Facebook & the 16% Solution


Here’s what a Facebook VP recently told me and group of my colleagues:

“The free ride for brands is over.”

He said it with a tinge of annoyance as we quizzed him on the organic ways to increase audience reach.  Facebook doesn’t want to talk about the organic success of brands on Facebook because they need to sell advertising.  Facebook sees content as a mix of paid and owned.  They see the future of brand content on Facebook as creative content created on the owned channel and then amplified by Facebook’s paid products.

The days when a brand could amass millions of fans without any advertising have gone the way of fax machines and dodo birds.

As many brands have already noticed, Facebook has altered its News Feed algorithm so that posts no longer reach the majority of fans.  The average post – without promotion – reaches an average of 16 percent of a brand’s potential audience.  The high can be 20 percent and the low one percent.  In fact, Facebook admits that the occasional post might even reach nobody.

Zero.  Zip.

It all depends on the algorithm.  So what does this mysterious algorithm like?  How can brands boost their organic distribution?

Well, to be honest, Facebook doesn’t really know.  The algorithm has been designed with artificial intelligence so that it learns and adjust for each individual’s News Feed.  The goal of the algorithm is to serve up content that each user will interact with – click, comment on, and share.  So the News Feed serves up the content that the individual has interacted with in the past.

But Facebook thinks trying to game the algorithm is a fruitless activity.  Instead they are urging brands to think about Facebook as a storytelling platform.  Use Facebook to create compelling and interesting stories and the algorithm will take care of itself.  Stories, especially those that strike an emotional chord, get more interaction.  Because that’s how human beings work.

In other words, the days of using Facebook as a bulletin board are over.  Or should be over.  The mishmash of content – from links to press releases to like baiting “Press like if you love Halloween!” – doesn’t work for storytelling.  Instead brands should be focused on longer, richer story narratives with beginnings, middles and endings.  Mixing posts with photographs, videos, and applications.  Using the rich dynamic opportunities available on Facebook to its fullest.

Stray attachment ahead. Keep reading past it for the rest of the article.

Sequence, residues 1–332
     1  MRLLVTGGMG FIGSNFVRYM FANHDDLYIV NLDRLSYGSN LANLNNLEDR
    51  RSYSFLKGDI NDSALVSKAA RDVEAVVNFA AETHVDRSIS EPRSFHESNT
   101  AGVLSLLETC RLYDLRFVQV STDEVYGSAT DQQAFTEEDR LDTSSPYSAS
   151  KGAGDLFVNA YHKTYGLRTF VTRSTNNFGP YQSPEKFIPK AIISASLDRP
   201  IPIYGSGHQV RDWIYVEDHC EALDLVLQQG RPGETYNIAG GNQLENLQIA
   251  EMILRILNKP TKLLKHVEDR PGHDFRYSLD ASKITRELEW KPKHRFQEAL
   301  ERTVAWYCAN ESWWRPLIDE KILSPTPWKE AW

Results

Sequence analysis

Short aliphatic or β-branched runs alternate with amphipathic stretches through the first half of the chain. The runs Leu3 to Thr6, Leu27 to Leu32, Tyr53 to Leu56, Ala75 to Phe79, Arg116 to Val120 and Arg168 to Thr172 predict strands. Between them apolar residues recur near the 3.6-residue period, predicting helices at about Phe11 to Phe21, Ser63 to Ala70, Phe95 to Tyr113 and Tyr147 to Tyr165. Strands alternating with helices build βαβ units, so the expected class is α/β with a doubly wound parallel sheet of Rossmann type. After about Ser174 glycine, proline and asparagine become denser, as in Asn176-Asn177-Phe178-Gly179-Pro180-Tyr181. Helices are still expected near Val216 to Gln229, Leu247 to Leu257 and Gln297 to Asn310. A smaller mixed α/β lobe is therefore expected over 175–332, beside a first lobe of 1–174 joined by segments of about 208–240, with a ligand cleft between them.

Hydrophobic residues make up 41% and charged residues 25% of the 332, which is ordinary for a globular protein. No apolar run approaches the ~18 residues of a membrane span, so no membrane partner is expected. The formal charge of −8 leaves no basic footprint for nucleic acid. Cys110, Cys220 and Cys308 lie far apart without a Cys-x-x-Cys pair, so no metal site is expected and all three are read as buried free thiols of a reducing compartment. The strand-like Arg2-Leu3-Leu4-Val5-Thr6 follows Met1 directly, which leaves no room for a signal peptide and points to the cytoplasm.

And then amplify these creative stories with Facebook’s paid products.  Otherwise you might be shouting in an empty auditorium.

That’s the winning formula that Facebook is advocating.  I’d add that its ever more important to publish brand content on every owned channel: website, email newsletter, Twitter, Google+, blogs, YouTube, etc…  Syndicating and amplifying through the media, bloggers, social news communities like Reddit and other paid opportunities such as Outbrain and Twitter.

If you tell stories.  Good things will happen.

And that’s why Facebook’s executives are pushing storytelling like never before.  Because that is what is going to work.

Links:

Facebook is NOT a bulletin board

19 Responses to “Facebook & the 16% Solution”

  1. So the “average” post will reach 20% of fans at most; and when you asked how well an above-average post might do (the storytelling approach), they said they didn’t know, and suggested you give them money to make sure it does well. Is that pretty much how it went down?

  2. Pretty much. I’d say 20 percent is high. Sixteen percent is the average among individuals and brand pages. The philosophy is use storytelling as the creative approach and then augment via paid options.

  3. Wade Rockett, that’s exactly what I was thinking lol!!! I’m so tired of Facebook! Something needs to phase it out like Facebook did to MySpace somehow, where are the next genius geeks???

  4. Facebook is finally making some efforts to make nice with marketers, but they still have a ways to go. It’s not easy to find a solution that will please individuals and brands at the same time.

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